“Everybody can be great, because everybody can serve. You don't have to have a college degree to serve…You only need a heart full of grace, a soul generated by love.”
Those are the words of civil rights leader Martin Luther King, Jr. He spoke them in 1968, two months before his murder. Service is how the United States celebrates his life and work every year around his birthday, January fifteenth.
Monday, January 19th is the federal holiday in honor of Martin Luther King, Jr. Most schools and government offices are closed that day. The U.S. Congress established the holiday in 1983. In 1994, it became a National Day of Service.
Dr. King’s life was about service in the name of peace, justice and equality. He led efforts to end the racial separation laws in place in America in the first half of the 20th century. He did this by organizing acts of civil disobedience. He urged people to disobey unjust laws through non-violent resistance.
He led protests and was arrested 30 times. His activism in America led to the signing of important legislation including the Civil Rights Act of 1964 and the Voting Rights Act of 1965. He continued working for peace and justice until his murder in 1968 in Memphis, Tennessee.
On Monday, Americans will serve in different ways including working to feed the hungry at soup kitchens, collecting bicycles for the poor in Africa, and visiting with people all alone at homes for the elderly.
Wendi Cherry and her daughter Sydni Barra of Arlington, Virginia got an early start on the Day of Service. On Saturday, they joined a large group at the Martin Luther King, Jr. Memorial Park in Washington.
“We weeded and hoed and put down mulch to beautify the whole area.”
Sydni enjoyed herself despite the weather.
“I liked it. It was cold outside but I liked it. It was fun.”
The family believes in serving others and not just on Dr. King’s birthday. Ms. Cherry says Sydni is in involved in a volunteer group that meets weekly. The Delta Academy is an international organization for girls 11 to 14 years old. They take on all kinds of community projects says Wendi Cherry.
“They do stuff at the shelters, they play bingo with the eldery, they do sorting at the food bank…so different activities.”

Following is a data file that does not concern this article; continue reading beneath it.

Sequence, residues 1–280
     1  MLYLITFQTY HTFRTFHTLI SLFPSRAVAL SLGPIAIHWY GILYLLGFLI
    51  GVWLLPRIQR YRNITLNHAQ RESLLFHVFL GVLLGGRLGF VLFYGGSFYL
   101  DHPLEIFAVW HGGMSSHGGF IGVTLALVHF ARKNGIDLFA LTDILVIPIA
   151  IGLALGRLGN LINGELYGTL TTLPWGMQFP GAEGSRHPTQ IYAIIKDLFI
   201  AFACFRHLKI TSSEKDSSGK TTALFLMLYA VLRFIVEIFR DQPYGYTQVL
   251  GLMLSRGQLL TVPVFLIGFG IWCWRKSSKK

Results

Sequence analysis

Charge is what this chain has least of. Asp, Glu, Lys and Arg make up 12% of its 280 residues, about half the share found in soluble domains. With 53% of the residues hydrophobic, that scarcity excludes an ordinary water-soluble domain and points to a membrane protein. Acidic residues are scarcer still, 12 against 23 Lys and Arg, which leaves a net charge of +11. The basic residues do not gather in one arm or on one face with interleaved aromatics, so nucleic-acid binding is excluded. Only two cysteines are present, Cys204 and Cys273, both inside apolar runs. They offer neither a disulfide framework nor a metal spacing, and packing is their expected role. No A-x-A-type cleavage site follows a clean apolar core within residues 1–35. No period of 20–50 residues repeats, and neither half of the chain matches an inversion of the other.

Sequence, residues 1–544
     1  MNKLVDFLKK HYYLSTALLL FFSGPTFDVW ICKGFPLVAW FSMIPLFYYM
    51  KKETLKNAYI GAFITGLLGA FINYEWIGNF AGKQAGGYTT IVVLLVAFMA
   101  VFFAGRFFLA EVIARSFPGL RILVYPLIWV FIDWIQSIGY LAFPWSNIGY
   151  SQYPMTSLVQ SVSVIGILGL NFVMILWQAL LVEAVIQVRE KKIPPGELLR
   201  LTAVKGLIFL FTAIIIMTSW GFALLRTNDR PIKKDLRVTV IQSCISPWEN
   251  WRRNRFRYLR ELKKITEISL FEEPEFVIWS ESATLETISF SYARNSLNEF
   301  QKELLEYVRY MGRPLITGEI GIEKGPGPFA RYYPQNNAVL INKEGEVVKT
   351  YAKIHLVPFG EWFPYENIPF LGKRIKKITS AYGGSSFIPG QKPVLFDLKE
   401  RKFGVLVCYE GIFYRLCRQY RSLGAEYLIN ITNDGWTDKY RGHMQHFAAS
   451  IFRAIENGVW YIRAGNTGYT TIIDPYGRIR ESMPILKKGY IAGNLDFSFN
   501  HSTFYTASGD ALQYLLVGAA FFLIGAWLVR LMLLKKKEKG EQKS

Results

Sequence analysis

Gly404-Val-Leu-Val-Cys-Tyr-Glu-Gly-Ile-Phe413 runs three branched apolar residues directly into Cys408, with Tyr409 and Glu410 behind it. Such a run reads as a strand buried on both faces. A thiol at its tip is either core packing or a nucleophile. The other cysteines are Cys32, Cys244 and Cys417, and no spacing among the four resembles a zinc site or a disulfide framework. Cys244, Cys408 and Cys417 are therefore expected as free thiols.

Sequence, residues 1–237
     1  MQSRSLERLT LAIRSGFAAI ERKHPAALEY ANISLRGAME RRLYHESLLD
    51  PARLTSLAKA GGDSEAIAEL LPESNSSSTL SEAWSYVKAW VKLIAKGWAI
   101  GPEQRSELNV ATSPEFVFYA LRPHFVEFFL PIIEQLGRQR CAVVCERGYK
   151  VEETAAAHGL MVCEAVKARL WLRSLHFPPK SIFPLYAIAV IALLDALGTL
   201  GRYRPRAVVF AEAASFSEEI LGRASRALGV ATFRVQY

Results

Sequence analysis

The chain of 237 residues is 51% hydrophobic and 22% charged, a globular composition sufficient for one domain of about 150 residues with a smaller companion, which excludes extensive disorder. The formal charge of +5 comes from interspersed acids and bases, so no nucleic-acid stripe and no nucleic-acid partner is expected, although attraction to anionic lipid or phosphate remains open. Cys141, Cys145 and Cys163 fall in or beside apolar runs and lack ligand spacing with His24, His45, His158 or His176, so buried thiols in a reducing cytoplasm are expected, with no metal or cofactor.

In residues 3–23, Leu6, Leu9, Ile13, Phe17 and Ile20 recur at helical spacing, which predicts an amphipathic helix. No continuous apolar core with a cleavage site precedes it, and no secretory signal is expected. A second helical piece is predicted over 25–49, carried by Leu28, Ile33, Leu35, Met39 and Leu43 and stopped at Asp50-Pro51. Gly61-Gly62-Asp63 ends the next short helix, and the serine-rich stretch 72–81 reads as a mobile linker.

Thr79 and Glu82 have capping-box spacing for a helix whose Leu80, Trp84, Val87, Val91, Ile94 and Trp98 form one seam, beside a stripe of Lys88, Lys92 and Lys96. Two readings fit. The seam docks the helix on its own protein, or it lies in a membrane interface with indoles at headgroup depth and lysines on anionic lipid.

Charlie King, his wife Ashley Nunn and their two children live in Holly Springs, North Carolina. They also believe in serving others -- the four-legged kind.
“We’ve become involved in dog and pet rescue. We really love animals. They're fun. I really can’t imagine our lives without all these animals in our house.”
Right now the family is caring for four dogs, two cats and two horses. Most of the animals will stay with them forever. But they are seeking permanent homes for two of the dogs.
“I guess we believe in just constantly trying to put something positive out into the world. Positive energy.”
Charlie King says animal rescue provides good learning experiences for his children, too.
“To care for another living creature…to, obviously, teach responsibility in taking care of a pet. But, to teach them empathy towards, really, any living creature.”
Americans of all ages will get out on Monday including Mary Holt of Arlington. But volunteering is not unusual for the 91-year-old.
“I volunteer a lot at my church.”
When she says a lot, she means it.
“I volunteer in the office at least twice a week. I volunteer Mondays for the homeless meals, making meals for 70 people. And then on Wednesdays I volunteer for what we call refill dinner, where we serve dinners and anyone is welcome to come to the dinner. I’m busy. I love it.”
And why does she enjoy the work so much?
“Because I feel like I’m helping people. When they need help at the church, I’m always available. I’ve been doing this for probably 20 or 25 years.”
Wendi Cherry feels the same way about service.
“I feel like we get more giving to others.”
I’m Caty Weaver.
Is volunteer work important where you live? Do you have a volunteer experience you would like to tell us about? Post your thoughts in the comments section.
Words in This Story
grace – n. help or kindness that God gives or shows to people
soup kitchen – n. a place that gives food (such as soup and bread) to poor people
elderly – adj. old or rather old : past middle age
positive – adj. good or useful
empathy – n. the feeling that you understand and share another person's experiences and emotions